More than 21,000 in U.S. caught whooping cough in 2010

According to U.S. health officials, over 21,000 people in the United States were infected with whooping cough in 2010, which represents the highest number of cases since 2005.

Most of the cases of infection were in children and teens, Third Age reports.

Health officials are confused by the increase in cases, especially since the whooping cough vaccine appears to be highly effective in children, according to Third Age.

Whooping cough, also known as pertussis, starts out with cold-like symptoms but leads to intense coughing fits that can occur sporadically for weeks. Whooping cough led to at least 26 deaths in the United States last year.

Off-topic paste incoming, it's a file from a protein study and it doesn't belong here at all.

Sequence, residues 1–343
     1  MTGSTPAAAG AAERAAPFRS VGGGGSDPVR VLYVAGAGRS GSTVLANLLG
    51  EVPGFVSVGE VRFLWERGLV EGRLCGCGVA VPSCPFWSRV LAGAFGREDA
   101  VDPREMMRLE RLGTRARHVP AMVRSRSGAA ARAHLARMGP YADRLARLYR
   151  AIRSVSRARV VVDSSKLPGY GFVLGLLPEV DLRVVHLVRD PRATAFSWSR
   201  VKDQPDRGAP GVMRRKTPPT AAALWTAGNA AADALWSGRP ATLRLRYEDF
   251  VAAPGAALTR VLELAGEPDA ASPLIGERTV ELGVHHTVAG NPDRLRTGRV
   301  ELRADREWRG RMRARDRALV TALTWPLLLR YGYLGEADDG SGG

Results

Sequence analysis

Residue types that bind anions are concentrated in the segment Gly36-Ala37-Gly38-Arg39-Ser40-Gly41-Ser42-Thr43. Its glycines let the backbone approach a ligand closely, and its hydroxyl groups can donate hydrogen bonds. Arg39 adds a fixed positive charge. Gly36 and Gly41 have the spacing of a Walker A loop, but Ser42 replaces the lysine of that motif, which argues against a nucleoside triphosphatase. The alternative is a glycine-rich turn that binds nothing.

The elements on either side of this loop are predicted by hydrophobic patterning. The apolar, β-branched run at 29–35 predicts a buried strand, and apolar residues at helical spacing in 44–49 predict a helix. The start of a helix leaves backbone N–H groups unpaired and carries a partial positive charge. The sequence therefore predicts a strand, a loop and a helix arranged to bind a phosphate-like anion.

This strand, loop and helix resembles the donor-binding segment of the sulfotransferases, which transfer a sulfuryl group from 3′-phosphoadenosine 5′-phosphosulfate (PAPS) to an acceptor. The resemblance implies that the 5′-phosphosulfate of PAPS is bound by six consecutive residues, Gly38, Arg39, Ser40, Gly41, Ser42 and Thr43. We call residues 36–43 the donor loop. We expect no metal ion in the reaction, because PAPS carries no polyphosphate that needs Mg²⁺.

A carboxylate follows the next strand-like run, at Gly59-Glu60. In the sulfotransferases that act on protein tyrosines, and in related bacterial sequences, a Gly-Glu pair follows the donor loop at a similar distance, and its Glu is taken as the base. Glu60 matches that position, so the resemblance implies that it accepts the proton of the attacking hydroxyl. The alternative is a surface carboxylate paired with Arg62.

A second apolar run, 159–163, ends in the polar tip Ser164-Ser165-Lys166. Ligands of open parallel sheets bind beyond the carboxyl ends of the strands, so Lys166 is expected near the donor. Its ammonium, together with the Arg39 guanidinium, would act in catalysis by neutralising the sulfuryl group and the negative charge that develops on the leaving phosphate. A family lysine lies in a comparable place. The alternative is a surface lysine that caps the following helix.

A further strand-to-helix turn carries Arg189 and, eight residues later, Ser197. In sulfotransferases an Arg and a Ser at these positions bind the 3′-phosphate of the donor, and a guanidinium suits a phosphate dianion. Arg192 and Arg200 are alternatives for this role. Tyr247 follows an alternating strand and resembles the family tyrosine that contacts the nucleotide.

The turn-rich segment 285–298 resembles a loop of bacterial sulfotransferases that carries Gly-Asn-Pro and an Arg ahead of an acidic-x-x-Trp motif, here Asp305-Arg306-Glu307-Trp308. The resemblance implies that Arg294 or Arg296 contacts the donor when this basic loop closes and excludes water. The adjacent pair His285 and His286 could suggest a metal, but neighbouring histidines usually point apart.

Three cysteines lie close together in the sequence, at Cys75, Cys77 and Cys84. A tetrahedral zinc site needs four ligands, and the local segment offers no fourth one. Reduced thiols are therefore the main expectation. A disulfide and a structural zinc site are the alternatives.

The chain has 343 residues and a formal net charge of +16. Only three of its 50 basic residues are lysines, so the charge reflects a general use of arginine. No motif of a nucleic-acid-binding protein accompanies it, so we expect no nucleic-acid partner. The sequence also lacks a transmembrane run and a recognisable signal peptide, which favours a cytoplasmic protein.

Contagious adolescents can be a threat to vulnerable infants, because while 95 percent of children have had at least three shots against whooping cough, whooping cough vaccines for adults and adolescents were not licensed until 2005. As a result, vaccination rates for these groups are much lower - one study even had adults pegged as low as a six percent immunization rate against pertussis, Third Age reports.

It is recommended that all adults who are around infants receive the whooping cough vaccine.

Worldwide, there are 30 to 50 million cases of pertussis with around 300,000 deaths every year, the Centers for Disease Control reports. The disease can be life-threatening for infants. Over 50 percent of infants under one year of age who get the disease must be hospitalized.